This thesis aims to provide a normative evaluation of the Western U.S. water law of prior appropriation through a contextual analysis of water value pluralism. The first chapter begins with a preliminary account of the major justificatory arguments made in defense of prior appropriation, followed by two critiques that undermine some proposed advantages of the water policy. The purpose of this analysis is to elucidate the normative claims that underlie many of the arguments within this debate but which fail to be made explicit. It becomes clear that these normative claims assume a utilitarian criterion for resource distribution, according to which water is primarily viewed as an economic good with a monetary value. The second chapter challenges the legitimacy of this assumption by introducing non-monetary water values, with attention to the particular social and cultural contexts in which they emerge. Through a review of four economic proxies, these non-monetary water values are shown to be incommensurable with monetary valuations. Finally, the third chapter offers a theoretical framework for the incorporation of non-monetary water values into resource distribution decisions. From this normative analysis, it is concluded that a necessary condition for achieving just resource distribution decisions is for prior appropriation to incorporate value pluralism by recognizing the legitimacy of non-monetary water values.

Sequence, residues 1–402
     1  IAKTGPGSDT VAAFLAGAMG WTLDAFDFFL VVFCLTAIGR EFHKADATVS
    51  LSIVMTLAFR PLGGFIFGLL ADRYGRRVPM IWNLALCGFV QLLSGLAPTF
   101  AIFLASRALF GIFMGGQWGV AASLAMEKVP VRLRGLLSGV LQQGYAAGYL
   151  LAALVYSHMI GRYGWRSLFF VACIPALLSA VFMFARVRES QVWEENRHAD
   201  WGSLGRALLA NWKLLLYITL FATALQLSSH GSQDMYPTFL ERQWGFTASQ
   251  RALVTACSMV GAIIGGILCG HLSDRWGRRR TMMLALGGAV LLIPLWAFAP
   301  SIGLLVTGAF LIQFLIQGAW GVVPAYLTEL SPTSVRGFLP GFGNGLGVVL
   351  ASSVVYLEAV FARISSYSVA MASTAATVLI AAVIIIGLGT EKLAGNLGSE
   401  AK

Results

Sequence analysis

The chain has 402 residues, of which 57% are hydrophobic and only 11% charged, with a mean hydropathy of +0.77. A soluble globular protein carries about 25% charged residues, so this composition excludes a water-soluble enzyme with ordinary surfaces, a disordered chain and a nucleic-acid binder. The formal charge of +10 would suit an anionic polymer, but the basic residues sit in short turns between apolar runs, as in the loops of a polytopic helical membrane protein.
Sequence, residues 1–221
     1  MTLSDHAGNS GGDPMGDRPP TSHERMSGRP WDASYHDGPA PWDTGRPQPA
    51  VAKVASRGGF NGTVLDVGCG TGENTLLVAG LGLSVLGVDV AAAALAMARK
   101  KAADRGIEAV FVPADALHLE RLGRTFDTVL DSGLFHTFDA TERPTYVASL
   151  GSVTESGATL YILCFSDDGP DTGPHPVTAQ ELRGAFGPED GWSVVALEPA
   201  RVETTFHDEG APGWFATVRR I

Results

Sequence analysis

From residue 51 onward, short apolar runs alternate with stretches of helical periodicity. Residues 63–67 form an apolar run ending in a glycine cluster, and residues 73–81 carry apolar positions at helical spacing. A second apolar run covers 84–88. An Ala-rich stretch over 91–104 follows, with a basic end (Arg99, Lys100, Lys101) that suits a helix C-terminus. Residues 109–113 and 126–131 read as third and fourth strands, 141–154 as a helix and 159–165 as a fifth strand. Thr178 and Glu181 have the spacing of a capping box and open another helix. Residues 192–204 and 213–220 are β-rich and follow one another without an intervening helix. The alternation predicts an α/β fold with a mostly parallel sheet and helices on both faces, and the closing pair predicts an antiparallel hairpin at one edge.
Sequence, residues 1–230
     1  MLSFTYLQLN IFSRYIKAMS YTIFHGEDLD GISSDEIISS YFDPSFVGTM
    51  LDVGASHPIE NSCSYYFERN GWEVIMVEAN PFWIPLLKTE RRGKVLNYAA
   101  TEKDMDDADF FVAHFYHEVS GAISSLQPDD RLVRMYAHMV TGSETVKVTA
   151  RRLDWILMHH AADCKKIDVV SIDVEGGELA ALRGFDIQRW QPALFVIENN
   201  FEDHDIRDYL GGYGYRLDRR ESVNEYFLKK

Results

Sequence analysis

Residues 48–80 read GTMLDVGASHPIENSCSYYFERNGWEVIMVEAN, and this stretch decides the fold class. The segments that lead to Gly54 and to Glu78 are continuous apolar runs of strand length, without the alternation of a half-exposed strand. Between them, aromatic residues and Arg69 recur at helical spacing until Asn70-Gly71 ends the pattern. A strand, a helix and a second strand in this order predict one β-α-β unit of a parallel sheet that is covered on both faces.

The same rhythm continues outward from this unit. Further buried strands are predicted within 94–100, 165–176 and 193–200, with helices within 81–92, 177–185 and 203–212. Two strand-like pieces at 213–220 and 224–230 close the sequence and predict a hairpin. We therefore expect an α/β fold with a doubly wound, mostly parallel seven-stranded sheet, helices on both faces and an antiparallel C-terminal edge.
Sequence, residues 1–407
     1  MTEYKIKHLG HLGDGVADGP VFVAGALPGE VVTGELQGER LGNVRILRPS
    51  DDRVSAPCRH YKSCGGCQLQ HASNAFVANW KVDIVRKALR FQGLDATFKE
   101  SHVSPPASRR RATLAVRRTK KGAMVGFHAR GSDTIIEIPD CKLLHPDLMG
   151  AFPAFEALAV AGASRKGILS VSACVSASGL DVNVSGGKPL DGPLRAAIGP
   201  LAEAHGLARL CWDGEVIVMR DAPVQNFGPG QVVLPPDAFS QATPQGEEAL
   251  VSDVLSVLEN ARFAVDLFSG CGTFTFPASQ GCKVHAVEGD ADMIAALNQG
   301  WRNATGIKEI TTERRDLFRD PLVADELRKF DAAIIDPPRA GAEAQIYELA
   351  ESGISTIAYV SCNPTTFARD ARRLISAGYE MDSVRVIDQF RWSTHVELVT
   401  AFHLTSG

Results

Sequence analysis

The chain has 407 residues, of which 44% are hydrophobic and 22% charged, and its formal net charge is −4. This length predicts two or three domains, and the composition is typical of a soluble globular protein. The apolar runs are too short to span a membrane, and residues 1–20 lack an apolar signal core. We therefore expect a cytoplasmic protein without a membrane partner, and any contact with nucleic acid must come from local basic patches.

|Commitee:||Callahan, Gerald, McShane, Katie, Rollin, Bernard|
|School:||Colorado State University|
|School Location:||United States -- Colorado|
|Source:||MAI 53/06M(E), Masters Abstracts International|
|Subjects:||Philosophy, Water Resource Management, Environmental Justice, Native American studies|
|Keywords:||Contextualism, Incommensurability, Native american, Prior appropriation, Value pluralism, Water values|
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